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Discussion Starter · #1 ·
I'm looking for discussion about no-spank but non-permissive/non-jellyfish parenting.
I probably have alot in common with many mothers on this board. I had natural childbirths at home, breastfed, co-slept, wore a sling etc. In short I feel this AP approach to baby raising primed me (and my husband because he was following my lead) to become a very permissive parent. We could deal with the consequences of our permissiveness until our 2nd baby came along and dd #1 turned 4yo. She be 5 in a month. At that point I woke up and realized all my friends who had children whose children seemed happy and were pleasant to be around were a very different kind of parent. They had very memorable consequences for their children for their misbehavior-some even spanked (in a controlled way-not a parent having a temper tantrum way). They have GREAT relationships with their teenagers and their teens seem so confident and happy.
Given the fact that I was going crazy with a whining, fussy 4 yo and I would DO ANYTHING to have a relationship with my kids in 10 years like my friends have with their older (and younger) children I asked them all for advice-and got some great insights. The first lesson: your kids will only behave when you expect them to: 100%.
So anyway, in the last year I have come to believe that permissive parents that "reason" with their children are doing the kids a disservice-children are not mini-adults, they NEED their parents to be in charge. This is simply a developmental stage for them. This realization was devastating to me, I really wanted to be able to take the no-punishment approach to parenting but I really cannot anymore. In fact since we started consisitently, clearly stating limits and punishing instead of talking so much my dd is SO MUCH HAPPIER!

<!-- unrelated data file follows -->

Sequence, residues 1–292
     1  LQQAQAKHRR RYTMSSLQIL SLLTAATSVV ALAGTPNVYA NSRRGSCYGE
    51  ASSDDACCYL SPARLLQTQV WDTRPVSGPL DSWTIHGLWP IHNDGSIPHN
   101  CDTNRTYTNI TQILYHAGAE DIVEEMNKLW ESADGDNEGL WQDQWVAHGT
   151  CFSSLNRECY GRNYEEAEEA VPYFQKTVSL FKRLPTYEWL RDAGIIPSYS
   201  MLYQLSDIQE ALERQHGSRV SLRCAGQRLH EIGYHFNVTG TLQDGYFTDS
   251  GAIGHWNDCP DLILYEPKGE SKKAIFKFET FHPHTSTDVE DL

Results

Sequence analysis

This year I've spent time reading 123 Magic and John Rosemond-the first is antispanking, the second is not. Both have really helped me. I also really like "KIDS ARE WORTH IT"
Anyway, I struggle with believing that spanking is not right-VIOLENCE IS NOT THE ANSWER!!! I cannot be against this war that my country is waging and hit my child. I don't feel like I have to hit my dd, but I crave conversation about parenting from like-minded folks like you who also may be parenting in an authorative way.
What are you reading? What are your techniques? Is there space for this conversation here?
Thanks,
Laura
 

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Have you read Anthony Wolf?

His book "The secret of Parenting" is subtitled "How to be in charge of kids today without punishment or threats"

He operates on the parent in charge model, yet he believes that punishment is not a morally sound choice.

He is not AP, but he is GD. I have a feeling that his books might really appeal to you.

He believes in disciplining by expressing your expectations and by noting to the child when they were not met: For example "I asked you to pick up your toys an hour ago. You did not do it. We were having company so I had to do it. Next time I expect you to pick up your toys."

He believes that children need their parents help and assistance to get over big dispointments in life, BUT he also believes that they must learn to get over minor disapointments on their own (by minor he means "potato chips that are too soggy, toys they can't have (when they already have lots and lots etc...)